Every child has a breathing tube starting at the nose and mouth, which extends into the lungs. He or she also has a feeding tube just behind the breathing tube that brings food and liquid to the stomach. If there is a connection at the very top of these two tubes, we call this a laryngeal cleft.
- Recurrent lung infections
- Trouble swallowing
- Poor feeding
- Failure to gain weight
Diagnosis and Treatment
Laryngeal clefts begin at the very top of the two tubes. Imagine a zipper unzipping; if the zipper unzips only to the level of the vocal cords, then it is labeled a type 1 cleft, and if the zipper unzips all the way down into the chest, it is a type 4 cleft.
Management of a type 1 cleft is usually conservative with anti-reflux medications and feeding modifications. There are also options for a temporary surgical procedure with injection of a slowly dissolving material that may help the child overcome their symptoms until their swallowing improves. Otherwise, a surgical procedure using the microscope or endoscope can be performed to close the cleft. This same procedure can be used for type 2 clefts. All type 3 and 4 clefts require surgical repair and this is generally done through an open approach.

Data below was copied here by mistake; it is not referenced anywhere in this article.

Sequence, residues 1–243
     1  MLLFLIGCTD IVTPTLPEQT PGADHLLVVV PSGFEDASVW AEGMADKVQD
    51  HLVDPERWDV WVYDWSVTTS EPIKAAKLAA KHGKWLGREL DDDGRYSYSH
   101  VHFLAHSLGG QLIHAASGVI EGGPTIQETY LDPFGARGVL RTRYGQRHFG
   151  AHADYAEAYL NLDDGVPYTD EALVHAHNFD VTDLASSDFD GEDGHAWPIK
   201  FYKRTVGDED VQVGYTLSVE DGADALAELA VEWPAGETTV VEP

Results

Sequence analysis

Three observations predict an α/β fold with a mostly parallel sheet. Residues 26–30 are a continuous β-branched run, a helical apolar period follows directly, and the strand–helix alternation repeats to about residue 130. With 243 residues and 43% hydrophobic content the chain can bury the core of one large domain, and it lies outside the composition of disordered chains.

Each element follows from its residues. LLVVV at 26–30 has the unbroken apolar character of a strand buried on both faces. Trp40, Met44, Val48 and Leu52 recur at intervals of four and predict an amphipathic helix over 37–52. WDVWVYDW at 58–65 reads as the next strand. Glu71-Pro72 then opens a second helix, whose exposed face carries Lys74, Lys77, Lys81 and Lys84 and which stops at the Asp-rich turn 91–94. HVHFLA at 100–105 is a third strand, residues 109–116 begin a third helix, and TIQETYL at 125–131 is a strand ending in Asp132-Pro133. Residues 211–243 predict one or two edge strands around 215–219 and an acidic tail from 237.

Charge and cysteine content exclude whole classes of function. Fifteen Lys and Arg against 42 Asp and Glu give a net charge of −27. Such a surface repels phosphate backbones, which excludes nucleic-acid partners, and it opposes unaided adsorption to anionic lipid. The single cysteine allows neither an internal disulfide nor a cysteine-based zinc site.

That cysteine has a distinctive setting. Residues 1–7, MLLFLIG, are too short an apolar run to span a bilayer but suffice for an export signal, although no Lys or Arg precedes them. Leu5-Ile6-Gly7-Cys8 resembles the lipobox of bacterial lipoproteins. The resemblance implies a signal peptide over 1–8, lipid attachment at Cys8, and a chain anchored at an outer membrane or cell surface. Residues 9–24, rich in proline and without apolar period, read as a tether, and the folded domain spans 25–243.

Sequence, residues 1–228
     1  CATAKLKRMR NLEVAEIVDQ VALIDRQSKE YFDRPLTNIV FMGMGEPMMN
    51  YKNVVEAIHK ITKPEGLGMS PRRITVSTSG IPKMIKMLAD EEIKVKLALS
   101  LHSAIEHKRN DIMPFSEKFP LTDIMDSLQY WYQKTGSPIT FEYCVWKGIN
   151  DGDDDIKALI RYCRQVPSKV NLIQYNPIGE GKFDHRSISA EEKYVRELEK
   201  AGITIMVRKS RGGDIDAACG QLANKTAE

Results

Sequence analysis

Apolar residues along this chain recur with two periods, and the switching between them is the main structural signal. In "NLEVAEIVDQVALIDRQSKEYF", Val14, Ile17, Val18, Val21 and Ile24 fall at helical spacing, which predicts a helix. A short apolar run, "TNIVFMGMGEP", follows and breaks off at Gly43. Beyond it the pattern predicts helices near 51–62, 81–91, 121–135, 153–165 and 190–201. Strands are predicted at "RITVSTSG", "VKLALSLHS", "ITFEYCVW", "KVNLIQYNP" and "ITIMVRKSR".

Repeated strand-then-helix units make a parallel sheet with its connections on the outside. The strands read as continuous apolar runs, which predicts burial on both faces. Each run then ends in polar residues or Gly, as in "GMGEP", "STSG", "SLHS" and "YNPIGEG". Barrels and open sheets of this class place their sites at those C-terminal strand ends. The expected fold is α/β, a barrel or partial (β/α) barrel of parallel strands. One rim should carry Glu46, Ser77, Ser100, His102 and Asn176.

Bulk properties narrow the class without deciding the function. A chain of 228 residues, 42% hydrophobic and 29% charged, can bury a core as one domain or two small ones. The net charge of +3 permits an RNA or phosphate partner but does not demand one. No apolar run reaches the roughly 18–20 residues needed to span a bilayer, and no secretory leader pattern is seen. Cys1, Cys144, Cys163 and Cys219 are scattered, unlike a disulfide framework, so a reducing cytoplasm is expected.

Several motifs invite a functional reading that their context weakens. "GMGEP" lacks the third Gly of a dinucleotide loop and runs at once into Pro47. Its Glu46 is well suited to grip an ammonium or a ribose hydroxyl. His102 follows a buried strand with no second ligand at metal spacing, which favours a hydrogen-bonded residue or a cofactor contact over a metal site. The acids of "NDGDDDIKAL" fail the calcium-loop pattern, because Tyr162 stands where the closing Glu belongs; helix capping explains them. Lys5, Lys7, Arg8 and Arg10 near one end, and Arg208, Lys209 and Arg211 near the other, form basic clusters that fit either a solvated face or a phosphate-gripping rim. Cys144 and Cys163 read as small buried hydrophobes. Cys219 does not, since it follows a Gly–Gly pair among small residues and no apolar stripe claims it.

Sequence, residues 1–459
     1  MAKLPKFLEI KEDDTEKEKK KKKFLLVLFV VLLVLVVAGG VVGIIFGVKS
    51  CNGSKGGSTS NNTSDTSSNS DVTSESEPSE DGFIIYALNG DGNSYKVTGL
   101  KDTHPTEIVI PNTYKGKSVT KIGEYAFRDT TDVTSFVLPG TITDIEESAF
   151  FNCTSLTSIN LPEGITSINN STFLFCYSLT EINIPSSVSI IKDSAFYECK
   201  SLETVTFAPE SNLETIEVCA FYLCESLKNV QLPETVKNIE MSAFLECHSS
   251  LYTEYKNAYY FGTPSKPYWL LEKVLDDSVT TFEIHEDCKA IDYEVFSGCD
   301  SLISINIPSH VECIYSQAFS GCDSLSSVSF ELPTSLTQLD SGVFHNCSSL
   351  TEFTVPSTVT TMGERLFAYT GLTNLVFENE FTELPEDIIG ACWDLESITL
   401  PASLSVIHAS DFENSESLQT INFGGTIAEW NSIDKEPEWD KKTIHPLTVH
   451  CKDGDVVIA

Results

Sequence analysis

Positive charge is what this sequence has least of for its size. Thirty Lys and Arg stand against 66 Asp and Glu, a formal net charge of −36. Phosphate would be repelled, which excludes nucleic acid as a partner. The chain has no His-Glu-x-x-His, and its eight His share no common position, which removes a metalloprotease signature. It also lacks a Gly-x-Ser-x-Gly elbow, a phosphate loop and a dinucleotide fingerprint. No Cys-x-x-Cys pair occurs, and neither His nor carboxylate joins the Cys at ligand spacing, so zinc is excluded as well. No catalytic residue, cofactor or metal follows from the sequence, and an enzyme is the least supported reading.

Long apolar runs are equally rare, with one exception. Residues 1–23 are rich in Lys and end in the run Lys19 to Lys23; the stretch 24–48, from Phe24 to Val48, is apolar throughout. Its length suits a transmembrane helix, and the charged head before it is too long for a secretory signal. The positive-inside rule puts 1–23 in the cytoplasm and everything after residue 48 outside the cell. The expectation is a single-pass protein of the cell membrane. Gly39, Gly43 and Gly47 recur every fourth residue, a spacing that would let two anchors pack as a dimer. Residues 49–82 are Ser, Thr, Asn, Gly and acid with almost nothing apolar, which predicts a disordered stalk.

Meet Our Team
We bring together physicians, speech-language pathologists, and other healthcare professionals to provide treatment to patients suffering from breathing troubles.
Did you know?
We are actively recruiting children with laryngeal clefts to identify whether younger children would benefit from an early cleft injection to allow them early transition to thin liquids and that might lower the frequency whereby laryngeal clefts need definitive repair later on. For more information, please email firstname.lastname@example.org.